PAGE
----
Nickel system batteries are charged by applying a constant current at a predetermined rate, and monitoring at least one battery parameter until the parameter(s) indicates that the nickel system battery is near fully charged. An example of this would be to monitor battery temperature until the rate of temperature rise reaches a level indicative of a fully charged battery. A great many chargers have been sold into the market place that use this charge regime.

Li-ion, conversely, requires a somewhat different charge regime. It is charged by a constant current followed by a constant voltage charge regime. The voltage regulation of the constant voltage portion must be very precise. If the voltage is too low, the battery cells may not develop sufficient capacity. If the voltage is too high, the battery cell may become damaged. Since nickel system chargers are not typically designed to provide a constant voltage charge, Li-ion batteries are not easily retrofittable into existing nickel system chargers. By use of sophisticated electronics, it is possible to produce a retrofittable Li-ion battery, but the additional cost may be prohibitive to certain portions of the market. Some consumers may be more inclined to purchase chargers designed for Li-ion battery charging for use with a Li-ion battery that fits on an existing device.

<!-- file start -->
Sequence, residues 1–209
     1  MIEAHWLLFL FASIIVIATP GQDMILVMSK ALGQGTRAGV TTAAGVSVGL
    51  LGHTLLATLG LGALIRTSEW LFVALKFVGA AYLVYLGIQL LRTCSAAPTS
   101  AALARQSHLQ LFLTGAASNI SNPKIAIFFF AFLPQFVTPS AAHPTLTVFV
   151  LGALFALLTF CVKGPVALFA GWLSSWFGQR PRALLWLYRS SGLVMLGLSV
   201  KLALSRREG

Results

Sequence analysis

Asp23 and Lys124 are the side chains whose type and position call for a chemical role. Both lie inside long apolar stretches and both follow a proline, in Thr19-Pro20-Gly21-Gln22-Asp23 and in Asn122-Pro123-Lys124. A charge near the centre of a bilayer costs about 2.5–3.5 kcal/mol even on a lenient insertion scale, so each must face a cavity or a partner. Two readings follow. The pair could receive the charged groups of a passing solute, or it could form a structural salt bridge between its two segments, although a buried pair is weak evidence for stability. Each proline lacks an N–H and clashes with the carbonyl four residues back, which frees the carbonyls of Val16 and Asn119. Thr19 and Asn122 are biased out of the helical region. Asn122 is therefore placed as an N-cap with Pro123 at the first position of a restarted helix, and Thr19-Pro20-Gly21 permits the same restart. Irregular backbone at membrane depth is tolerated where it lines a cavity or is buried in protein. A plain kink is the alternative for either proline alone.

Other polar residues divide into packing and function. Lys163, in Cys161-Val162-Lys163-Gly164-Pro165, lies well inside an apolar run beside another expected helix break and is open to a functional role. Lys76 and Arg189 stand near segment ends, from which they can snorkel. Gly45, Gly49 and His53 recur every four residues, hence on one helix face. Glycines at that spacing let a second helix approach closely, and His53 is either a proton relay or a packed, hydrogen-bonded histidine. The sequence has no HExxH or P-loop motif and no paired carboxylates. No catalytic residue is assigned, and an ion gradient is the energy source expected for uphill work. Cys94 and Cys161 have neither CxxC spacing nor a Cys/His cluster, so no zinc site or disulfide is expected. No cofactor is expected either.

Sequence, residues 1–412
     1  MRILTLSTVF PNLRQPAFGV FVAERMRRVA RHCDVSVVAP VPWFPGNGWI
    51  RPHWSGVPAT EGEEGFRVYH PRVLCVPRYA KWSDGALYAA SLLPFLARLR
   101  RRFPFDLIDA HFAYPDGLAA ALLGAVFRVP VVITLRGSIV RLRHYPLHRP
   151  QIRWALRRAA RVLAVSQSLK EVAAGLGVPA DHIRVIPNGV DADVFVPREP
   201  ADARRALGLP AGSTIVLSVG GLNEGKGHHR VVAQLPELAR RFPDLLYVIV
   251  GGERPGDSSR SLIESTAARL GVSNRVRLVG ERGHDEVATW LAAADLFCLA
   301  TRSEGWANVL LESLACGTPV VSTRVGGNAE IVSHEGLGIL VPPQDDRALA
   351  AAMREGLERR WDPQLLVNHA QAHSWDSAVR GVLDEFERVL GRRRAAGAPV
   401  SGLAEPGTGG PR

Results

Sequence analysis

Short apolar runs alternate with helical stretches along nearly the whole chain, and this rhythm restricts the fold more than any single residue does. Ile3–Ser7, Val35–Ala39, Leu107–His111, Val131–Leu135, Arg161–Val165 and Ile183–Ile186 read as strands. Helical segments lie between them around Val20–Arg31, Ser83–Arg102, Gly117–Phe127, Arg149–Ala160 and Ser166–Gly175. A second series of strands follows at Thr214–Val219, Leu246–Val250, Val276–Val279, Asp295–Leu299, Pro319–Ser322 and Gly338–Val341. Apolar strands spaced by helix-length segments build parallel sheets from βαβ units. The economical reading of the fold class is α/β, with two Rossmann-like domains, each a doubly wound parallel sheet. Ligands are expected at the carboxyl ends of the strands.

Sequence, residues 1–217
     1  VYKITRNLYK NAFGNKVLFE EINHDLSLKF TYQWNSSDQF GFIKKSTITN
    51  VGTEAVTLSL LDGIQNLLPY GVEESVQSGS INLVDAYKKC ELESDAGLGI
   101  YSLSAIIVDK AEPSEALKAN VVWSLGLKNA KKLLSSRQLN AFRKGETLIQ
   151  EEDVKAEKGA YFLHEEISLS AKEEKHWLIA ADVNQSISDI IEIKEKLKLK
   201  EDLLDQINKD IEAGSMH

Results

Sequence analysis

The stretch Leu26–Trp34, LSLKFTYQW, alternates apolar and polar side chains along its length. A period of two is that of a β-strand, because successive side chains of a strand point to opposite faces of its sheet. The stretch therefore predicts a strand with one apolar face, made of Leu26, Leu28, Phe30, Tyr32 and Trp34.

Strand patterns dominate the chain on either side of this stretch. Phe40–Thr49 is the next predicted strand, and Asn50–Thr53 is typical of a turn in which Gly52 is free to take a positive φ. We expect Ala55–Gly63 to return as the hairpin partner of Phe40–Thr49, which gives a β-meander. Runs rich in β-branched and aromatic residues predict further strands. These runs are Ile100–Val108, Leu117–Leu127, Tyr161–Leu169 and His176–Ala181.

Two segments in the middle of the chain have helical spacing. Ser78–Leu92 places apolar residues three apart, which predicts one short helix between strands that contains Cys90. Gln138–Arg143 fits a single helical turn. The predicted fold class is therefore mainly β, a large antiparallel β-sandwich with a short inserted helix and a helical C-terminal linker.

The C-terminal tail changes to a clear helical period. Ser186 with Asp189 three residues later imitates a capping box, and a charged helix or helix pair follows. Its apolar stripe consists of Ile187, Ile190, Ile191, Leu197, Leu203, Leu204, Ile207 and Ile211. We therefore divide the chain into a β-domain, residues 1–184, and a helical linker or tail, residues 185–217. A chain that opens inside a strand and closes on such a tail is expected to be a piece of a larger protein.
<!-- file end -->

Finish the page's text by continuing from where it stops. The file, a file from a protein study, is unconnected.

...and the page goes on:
Therefore there exists a need whereby a battery, such as a Li-ion battery, can be packaged so that a device can use the battery, and the battery has a means to lockout charging by an incompatible charger, and allow charging by a compatible charger. By incompatible it is meant that the charger, while able to receive the battery in a physical sense, is not designed to provide a compatible charge regime.

BRIEF DESCRIPTION OF THE DRAWINGS

FIG. 1 is a block diagram of a battery pack in accordance with the invention; and

FIG. 2 is a schematic diagram of a preferred embodiment of the invention.

DETAILED DESCRIPTION OF THE PREFERRED EMBODIMENT

While the specification concludes with claims defining the features of the invention that are regarded as novel, it is believed that the invention will be better understood from a consideration of the following description in conjunction with the drawing figures, in which like reference numerals are carried forward.